Civil rights activists seek justice for 14-year-old almost 70 years after execution
George Stinney was just 14 years old when he was put to death in 1944 for the murder of two young white girls in the segregated town of Alcolu, South Carolina. He was arrested and allegedly confessed to the police, although no record of the conversation exists and police are accused of giving the boy ice cream to coax the confession out of him. Stinney was not read his Miranda rights and his parents were not allowed to see him in jail, according to the Associated Press.
Stinney’s trial lasted just over two hours in part because he was represented by tax commissioner Charles Plowden, who called no witnesses to testify. An all-white jury then deliberated for a mere 10 minutes before declaring Stinney guilty. Just 84 days after the crime the young boy was executed in an electric chair specially designed to fit his small frame.
Plowden’s involvement is especially incriminating because the then 31-year-old had political aspirations and was planning a run for state government. Attorney Steve McKenzie, speaking to Raw Story, said the fact that Plowden needed to remain in the good graces of white voters, combined with his refusal to mount any defense, proved he failed his legal obligation.
“The defense attorney obviously didn’t even know what he was – he wasn’t a criminal lawyer, he was just someone who was appointed,” McKenzie said. “He argued that you couldn’t execute George Stinney because he was 14. Well, the age was 14 for an adult at the time. So, he argued basically the wrong argument in his closing statement.”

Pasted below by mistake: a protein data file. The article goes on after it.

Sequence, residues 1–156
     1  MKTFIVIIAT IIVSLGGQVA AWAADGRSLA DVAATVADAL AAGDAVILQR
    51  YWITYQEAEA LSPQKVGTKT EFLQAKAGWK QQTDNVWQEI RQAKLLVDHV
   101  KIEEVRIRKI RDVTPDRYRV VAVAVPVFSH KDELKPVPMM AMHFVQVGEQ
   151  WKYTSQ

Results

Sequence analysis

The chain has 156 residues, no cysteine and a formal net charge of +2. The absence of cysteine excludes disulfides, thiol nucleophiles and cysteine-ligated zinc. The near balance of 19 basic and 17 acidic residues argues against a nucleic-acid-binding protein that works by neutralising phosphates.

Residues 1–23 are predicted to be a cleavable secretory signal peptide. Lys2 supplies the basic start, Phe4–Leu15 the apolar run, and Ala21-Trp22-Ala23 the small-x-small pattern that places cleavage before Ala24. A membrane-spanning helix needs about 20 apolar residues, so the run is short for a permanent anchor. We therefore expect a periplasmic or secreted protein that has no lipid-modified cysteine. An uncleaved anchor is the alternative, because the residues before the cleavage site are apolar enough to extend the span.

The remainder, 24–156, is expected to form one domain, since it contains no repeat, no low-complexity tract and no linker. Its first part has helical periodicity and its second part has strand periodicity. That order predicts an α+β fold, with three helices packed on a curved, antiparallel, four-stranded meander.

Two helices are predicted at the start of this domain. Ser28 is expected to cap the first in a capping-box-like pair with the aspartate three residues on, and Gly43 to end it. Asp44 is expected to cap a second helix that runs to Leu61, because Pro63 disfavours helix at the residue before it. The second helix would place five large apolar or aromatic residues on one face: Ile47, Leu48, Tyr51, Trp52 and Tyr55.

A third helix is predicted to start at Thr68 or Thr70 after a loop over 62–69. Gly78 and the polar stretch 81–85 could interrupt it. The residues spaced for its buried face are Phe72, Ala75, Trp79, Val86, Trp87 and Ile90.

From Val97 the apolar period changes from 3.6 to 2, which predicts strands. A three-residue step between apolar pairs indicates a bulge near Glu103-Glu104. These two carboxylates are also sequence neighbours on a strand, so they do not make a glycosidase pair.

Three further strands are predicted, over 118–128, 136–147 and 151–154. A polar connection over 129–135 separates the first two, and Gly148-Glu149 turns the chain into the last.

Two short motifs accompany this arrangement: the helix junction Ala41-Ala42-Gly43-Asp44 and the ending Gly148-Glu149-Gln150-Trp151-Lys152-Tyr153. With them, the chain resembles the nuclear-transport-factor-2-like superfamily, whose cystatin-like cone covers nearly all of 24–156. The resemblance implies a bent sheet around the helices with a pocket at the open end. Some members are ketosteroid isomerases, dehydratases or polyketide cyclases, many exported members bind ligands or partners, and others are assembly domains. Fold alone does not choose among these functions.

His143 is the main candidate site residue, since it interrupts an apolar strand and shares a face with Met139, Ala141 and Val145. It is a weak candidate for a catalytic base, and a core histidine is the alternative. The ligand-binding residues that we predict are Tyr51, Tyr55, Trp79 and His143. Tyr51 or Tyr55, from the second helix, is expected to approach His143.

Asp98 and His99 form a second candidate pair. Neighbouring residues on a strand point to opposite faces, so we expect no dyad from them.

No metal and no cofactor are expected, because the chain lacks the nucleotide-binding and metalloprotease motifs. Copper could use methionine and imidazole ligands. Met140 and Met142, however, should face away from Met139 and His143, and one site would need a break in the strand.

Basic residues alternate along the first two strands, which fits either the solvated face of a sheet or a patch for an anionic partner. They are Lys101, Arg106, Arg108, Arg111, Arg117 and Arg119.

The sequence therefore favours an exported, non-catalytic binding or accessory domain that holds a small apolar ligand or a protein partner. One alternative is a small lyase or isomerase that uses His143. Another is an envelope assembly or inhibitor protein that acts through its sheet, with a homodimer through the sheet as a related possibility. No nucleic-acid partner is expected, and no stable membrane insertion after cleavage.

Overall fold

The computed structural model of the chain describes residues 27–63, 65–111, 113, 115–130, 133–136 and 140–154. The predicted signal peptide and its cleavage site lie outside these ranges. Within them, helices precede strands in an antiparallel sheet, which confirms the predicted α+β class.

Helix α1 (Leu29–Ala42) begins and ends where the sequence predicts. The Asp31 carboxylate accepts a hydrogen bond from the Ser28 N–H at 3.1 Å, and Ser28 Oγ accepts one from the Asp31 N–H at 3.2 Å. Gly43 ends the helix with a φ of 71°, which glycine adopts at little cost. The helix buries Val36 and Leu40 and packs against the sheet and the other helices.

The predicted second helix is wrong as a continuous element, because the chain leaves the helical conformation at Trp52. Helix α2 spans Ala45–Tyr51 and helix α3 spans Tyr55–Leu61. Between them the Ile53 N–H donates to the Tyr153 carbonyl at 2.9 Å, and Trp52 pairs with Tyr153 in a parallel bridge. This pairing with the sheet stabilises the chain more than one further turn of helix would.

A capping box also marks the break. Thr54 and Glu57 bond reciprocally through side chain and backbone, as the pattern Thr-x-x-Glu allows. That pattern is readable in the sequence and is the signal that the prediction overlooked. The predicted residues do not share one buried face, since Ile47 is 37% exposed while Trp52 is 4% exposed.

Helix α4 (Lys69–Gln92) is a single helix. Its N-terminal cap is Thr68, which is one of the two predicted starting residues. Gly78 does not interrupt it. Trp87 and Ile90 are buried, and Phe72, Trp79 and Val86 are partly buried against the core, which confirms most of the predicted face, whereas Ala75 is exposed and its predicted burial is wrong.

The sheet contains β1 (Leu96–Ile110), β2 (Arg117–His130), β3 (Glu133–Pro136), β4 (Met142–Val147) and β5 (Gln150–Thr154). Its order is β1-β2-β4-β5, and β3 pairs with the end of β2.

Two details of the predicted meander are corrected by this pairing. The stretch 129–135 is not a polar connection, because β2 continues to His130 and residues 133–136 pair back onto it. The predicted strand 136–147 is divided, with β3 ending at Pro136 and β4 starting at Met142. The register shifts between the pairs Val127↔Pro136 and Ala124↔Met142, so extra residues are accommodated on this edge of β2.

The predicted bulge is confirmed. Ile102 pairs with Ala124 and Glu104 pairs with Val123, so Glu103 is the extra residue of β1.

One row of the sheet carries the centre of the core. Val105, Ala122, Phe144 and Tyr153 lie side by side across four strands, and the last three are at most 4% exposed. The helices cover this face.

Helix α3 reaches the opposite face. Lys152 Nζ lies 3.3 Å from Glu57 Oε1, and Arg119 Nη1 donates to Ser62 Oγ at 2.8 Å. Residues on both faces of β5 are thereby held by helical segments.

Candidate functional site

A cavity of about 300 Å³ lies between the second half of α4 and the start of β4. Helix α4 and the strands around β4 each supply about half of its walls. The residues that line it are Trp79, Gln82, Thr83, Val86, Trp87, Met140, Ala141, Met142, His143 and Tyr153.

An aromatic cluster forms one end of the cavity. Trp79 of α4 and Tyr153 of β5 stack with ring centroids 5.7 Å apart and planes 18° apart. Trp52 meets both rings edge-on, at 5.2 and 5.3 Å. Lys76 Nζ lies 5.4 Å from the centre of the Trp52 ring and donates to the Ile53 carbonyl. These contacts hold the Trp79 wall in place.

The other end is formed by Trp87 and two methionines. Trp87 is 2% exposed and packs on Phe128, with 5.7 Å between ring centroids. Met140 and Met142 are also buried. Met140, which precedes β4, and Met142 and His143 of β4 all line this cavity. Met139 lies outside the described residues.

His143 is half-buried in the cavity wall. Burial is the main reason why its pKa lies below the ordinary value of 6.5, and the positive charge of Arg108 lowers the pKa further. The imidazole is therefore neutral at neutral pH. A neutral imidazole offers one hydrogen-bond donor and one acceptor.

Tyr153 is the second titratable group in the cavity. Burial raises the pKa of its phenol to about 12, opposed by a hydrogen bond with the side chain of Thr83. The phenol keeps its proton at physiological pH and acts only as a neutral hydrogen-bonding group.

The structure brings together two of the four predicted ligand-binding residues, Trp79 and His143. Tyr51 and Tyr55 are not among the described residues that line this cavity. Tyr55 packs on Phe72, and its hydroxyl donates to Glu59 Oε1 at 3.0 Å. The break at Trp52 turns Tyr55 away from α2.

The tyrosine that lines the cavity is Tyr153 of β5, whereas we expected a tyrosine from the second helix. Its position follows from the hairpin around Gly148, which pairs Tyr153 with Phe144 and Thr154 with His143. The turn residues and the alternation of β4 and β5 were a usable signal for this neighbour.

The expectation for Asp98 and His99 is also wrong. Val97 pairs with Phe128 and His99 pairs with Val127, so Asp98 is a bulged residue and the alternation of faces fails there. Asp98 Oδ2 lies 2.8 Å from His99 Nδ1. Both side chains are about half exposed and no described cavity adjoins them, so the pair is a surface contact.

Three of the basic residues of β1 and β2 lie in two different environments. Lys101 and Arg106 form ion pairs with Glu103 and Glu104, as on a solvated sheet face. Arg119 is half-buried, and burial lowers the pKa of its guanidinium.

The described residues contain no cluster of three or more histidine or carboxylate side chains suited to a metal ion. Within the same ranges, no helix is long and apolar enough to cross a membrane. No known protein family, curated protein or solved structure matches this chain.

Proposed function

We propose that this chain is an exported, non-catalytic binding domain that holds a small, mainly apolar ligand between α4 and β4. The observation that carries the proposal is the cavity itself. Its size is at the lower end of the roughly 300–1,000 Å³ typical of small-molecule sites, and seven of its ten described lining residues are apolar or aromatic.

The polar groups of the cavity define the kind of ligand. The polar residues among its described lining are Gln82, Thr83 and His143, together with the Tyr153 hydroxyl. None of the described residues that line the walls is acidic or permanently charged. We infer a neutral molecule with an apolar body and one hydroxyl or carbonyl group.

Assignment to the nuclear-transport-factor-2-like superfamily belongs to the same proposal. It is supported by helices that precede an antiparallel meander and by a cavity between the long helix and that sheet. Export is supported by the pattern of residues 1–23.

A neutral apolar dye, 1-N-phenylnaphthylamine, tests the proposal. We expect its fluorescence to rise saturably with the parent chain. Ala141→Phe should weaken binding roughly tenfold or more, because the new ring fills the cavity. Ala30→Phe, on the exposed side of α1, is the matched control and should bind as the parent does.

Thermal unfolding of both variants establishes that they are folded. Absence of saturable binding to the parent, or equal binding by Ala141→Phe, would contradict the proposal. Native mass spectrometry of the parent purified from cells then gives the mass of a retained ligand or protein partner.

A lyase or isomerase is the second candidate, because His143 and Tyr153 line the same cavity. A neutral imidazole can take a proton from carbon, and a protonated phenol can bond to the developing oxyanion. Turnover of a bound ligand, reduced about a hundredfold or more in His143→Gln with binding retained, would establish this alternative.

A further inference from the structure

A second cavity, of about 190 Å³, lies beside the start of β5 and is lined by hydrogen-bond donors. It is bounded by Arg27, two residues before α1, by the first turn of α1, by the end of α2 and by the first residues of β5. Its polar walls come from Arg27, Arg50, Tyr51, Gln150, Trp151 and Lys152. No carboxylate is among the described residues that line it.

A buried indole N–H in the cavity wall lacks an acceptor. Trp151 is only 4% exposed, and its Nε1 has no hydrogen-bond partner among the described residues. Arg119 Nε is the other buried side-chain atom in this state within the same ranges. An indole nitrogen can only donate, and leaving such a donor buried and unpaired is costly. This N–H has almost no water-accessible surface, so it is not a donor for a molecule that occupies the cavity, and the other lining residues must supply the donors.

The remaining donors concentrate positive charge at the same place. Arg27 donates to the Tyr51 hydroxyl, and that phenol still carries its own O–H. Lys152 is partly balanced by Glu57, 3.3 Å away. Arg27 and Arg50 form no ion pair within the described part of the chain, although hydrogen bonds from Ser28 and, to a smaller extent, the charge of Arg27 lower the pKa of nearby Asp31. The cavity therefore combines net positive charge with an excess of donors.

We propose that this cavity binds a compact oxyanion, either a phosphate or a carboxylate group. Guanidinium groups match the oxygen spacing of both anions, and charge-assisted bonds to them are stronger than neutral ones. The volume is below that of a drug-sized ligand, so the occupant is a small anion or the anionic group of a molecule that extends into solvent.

The surviving Stinney family now hopes George will be granted a new trial. A motion filed by family attorney Steve McKenzie includes sworn testimony from Stinney’s siblings that they were with him through the whole day when the murder occurred. Filed in Clarendon County, the motion also hopes to find Stinney not guilty posthumously by proving he was not given a fair trial in a racially divided town bent on revenge.
June Binnicker, age 11, and Mary Emma Thames, seven, were found dead on March 25, 1944. They were both brutally stabbed to death with a railroad spike by a person experts now say would have had to be of much larger size than the two victims. A neighbor reported seeing Stinney, who weighed just 90 lbs, playing with the two girls before their disappearance.
Analysts have said the motion for a new trial is largely a symbolic gesture because of a law in South Carolina prohibiting the introduction of new evidence after a trial has concluded.
“I think it’s a long-shot, but I admire the lawyer for trying it,” Kenneth Gaines, a professor at the University of South Carolina law school, told The Guardian. Gaines added that while no hearing has been scheduled, it also has not been thrown out by a judge.
“His family is still thriving, but his soul is not at rest,” said Irene Hill, George’s second cousin. “It has been 69 years now, and there is still no justice. There has been no justice for George, nor for those two young girls, because we know that he is innocent.”
Activists and community members have become increasingly vocal about the case as it has drawn media attention. Whether Stinney’s name will be cleared, though, remains to be seen.
“If we can get the case re-opened, we can go to the judge and say, ‘There wasn’t any reason to convict this child,’” McKenzie said. “There was no evidence to present to the jury. There was no transcript. This case needs to be re-opened. This is an injustice that needs to be righted.”